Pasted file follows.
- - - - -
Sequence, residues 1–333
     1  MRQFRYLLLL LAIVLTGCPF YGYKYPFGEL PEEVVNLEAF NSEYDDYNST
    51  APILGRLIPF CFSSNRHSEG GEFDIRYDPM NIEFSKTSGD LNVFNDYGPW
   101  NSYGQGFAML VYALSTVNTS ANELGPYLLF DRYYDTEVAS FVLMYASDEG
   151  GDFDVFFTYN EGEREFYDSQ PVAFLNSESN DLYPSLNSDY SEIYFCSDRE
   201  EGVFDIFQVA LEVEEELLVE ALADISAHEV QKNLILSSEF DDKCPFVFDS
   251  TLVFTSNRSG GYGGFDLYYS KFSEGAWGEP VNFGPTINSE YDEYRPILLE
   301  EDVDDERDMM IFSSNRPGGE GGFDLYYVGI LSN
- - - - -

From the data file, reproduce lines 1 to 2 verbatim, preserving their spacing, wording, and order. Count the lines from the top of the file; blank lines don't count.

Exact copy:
Sequence, residues 1–333
     1  MRQFRYLLLL LAIVLTGCPF YGYKYPFGEL PEEVVNLEAF NSEYDDYNST